Cobalt Credit Union

Biophilic design can be broken into direct and indirect elements. Direct biophilic elements are any element of nature that can be directly added to a space – air flow, sun exposure, visible/audible water, native plants, and landscape, for example. Indirect biophilic elements can be represented by photos or paintings of nature, natural building materials and colors, natural shapes, forms and geometries. 

These elements are important to add in abundance. One plant on your desk will have little impact, but creating a cohesive environment with plenty of these qualities threaded throughout it will make a big difference for occupants. Organized complexity, areas of refuge, transitional spaces and ecological connections can add up to a more nature-like environment while remaining comfortable. Cultural connections and creating a sense of security make a space personal and allow individuals to relate and feel at home. 

Biophilia in healthcare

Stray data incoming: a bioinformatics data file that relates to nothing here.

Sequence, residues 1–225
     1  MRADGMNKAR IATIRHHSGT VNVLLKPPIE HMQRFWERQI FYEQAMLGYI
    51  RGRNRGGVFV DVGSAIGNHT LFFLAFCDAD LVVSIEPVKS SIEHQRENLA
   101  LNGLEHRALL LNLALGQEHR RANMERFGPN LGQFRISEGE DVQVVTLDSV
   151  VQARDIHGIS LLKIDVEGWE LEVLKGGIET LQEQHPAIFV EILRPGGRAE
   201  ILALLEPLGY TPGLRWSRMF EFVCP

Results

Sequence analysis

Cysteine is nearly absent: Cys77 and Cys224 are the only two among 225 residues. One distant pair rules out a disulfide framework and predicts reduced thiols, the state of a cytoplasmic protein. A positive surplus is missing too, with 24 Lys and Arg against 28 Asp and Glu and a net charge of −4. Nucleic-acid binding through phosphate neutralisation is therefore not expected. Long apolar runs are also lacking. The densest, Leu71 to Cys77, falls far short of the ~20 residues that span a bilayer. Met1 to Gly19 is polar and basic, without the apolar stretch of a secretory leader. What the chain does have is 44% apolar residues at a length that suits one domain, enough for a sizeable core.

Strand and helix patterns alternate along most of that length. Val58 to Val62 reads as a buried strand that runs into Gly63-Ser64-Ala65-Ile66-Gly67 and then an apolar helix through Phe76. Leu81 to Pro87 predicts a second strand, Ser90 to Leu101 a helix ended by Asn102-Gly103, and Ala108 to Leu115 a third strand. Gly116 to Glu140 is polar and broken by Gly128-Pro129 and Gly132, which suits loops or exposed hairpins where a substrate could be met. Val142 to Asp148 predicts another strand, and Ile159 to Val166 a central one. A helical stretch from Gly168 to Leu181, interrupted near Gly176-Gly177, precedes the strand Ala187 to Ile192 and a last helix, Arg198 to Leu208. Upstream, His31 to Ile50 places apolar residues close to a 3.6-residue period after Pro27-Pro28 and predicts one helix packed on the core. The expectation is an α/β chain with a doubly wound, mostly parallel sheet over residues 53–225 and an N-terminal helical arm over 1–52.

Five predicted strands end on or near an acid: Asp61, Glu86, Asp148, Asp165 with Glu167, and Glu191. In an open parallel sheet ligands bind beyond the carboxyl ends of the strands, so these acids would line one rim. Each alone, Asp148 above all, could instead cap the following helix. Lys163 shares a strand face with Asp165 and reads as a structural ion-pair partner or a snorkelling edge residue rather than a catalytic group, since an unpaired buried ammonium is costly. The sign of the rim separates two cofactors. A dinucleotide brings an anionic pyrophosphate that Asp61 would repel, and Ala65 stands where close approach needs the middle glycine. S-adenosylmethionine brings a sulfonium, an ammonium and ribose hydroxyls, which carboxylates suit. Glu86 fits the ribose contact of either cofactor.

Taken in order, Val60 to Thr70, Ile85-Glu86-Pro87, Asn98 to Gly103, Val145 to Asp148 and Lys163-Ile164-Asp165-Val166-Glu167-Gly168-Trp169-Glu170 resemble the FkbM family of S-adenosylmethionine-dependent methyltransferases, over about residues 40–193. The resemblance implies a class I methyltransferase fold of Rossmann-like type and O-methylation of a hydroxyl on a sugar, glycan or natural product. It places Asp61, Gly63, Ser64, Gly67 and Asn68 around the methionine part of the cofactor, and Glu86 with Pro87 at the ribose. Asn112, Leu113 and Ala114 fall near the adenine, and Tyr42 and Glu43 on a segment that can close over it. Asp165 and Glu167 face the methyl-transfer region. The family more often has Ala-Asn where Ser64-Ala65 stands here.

In healthcare settings, biophilic elements have long been acknowledged as Evidence Based Design strategies for improving outcomes. Including elements of nature into patient rooms, waiting areas, staff lounges and office spaces is beneficial to patients, visitors and staff alike.

A study by Ulrich discovered that, after a major surgery, individuals who recovered in a room with a view were released in 7.96 days verses the 8.71 days of patients who recovered in a room with no view. In addition to faster recovery, this 8.5% decrease in hospital stay reduces the cost of healthcare significantly. A study by Walch et al. identified that when patients were exposed to greater amounts of sunlight, they took 22% less analgesic medications per hour and had a 21% lower medication bill by the end of their stay.  

Healing gardens placed on hospital grounds have powerful impacts as well, giving patients and visitors an opportunity for exercise, a venue for social support and a moment of respite from intense emotional experiences. They double as a resource for stressed hospital staff and screen-weary office workers.

Biomimicry in resilience and sustainability